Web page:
Cucumber and Squash have combined

I think I planted my cucumbers and squash too close together. The cucumbers are yellowish and are shaped more like summer squash than cucumbers.
1) Is this a common mistake? 2) Is the food edible? 3) Once they've cross-bred, anything I can do.
A gardener with mutant veggies....
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SueB wrote:

Not very, but I've heard of it happening. It's as much a function of the range of your pollinator friends and prevailing breezes as it is of distance, I'd think.

Sure, but you get to experiment with how to cook it, or how to dress it raw in a salad. Have some fun with it. I'd try a quick stirfry, I think.

Praise the Lord for this unexpectedly intelligent design. :-) -aem
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It happens.

Yep. Had watermelon squash once. Quite tasty once I stopped trying to catagorize it.

Keep them from having children?
Look at it this way, you could have crossed your squash with gourds and had to use a table saw to have dinner.

They're all mutant if you go back far enough.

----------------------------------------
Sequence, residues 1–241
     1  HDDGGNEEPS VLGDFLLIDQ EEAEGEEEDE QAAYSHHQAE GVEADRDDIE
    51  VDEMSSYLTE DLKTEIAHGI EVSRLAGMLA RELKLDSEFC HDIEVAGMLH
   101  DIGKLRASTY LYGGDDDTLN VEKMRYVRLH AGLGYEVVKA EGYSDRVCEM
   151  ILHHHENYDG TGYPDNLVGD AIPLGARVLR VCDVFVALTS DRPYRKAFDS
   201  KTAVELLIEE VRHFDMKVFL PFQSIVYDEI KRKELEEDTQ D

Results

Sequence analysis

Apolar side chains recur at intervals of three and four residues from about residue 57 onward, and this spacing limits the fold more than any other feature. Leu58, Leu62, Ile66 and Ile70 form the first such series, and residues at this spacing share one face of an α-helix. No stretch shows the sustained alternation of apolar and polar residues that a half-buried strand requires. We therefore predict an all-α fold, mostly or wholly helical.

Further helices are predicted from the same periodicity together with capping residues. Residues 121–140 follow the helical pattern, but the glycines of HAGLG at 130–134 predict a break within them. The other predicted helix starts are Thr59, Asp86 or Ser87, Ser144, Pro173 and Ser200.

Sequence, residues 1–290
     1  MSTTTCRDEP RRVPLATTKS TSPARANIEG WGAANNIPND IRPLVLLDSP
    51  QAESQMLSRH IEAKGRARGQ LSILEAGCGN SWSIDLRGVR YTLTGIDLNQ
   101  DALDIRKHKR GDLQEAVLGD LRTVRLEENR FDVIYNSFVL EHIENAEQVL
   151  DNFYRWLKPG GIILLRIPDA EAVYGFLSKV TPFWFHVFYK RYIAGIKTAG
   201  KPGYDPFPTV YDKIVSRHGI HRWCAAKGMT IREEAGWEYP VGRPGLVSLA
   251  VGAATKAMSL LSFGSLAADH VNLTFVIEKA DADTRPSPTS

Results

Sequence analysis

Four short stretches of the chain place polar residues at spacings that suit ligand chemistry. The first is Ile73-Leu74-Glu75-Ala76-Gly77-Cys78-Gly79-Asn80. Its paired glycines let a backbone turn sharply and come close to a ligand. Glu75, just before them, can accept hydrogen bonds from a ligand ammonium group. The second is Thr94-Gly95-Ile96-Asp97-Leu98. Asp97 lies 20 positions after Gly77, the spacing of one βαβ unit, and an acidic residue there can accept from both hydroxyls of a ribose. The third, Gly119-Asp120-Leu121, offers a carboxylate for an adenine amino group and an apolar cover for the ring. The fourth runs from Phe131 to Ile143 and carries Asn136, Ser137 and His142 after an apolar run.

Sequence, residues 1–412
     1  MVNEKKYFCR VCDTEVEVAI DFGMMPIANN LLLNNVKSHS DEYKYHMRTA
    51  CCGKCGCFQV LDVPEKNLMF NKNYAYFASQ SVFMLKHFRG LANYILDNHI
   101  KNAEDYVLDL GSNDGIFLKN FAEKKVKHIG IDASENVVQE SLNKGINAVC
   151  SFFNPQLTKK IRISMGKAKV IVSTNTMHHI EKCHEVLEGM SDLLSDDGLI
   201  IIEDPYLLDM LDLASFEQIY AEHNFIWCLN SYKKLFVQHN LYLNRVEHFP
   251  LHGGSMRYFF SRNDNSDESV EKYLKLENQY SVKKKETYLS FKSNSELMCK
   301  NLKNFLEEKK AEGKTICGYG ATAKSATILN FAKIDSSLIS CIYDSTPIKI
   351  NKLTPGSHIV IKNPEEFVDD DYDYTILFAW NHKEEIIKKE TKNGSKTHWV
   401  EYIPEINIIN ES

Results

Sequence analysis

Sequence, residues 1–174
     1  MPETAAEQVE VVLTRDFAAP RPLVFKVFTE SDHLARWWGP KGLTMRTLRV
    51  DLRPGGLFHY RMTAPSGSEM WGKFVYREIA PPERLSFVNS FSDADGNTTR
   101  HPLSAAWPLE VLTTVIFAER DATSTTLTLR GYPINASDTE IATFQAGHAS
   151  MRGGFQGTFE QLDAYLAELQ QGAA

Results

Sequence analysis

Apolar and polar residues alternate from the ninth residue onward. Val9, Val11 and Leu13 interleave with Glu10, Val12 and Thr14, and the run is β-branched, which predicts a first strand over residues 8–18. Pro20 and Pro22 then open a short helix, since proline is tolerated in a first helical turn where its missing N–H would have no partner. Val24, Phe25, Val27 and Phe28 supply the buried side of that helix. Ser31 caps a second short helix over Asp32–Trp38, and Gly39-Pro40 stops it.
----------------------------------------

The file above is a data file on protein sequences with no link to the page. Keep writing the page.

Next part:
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Yes
Maybe. Suck it and see, as the saying goes.

Goto 2
Steve
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SueB wrote:

Whoa: 1. Cucumbers and squash do not cross. Even if they did, the cross is in the seeds, so it does not show until the next generation. 2. Most likely. If you planted mixed seeds. It could be be the growing conditions. Do you know what cultivar, you supposedly planted. There are several yellow cucumbers in the edible stage and most turn yellow or orange when they form seeds. 3. Don't save seeds.
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Yes, thinking that cucumbers and squash have crossed because they look funny is a very common mistake. Cucumbers (Cucumis sativa) and squash (Cucurbita melo and other species) do not cross-pollinate. And for the varieties of melon or squash that do cross-pollinate, it only affects the seeds and the plants they will grow into. After all, if your black poodle is impregnated by a white poodle, she doesn't turn grey. Only the puppies are affected.

Try it and see.

Don't save the seeds for next year if you have any questions.

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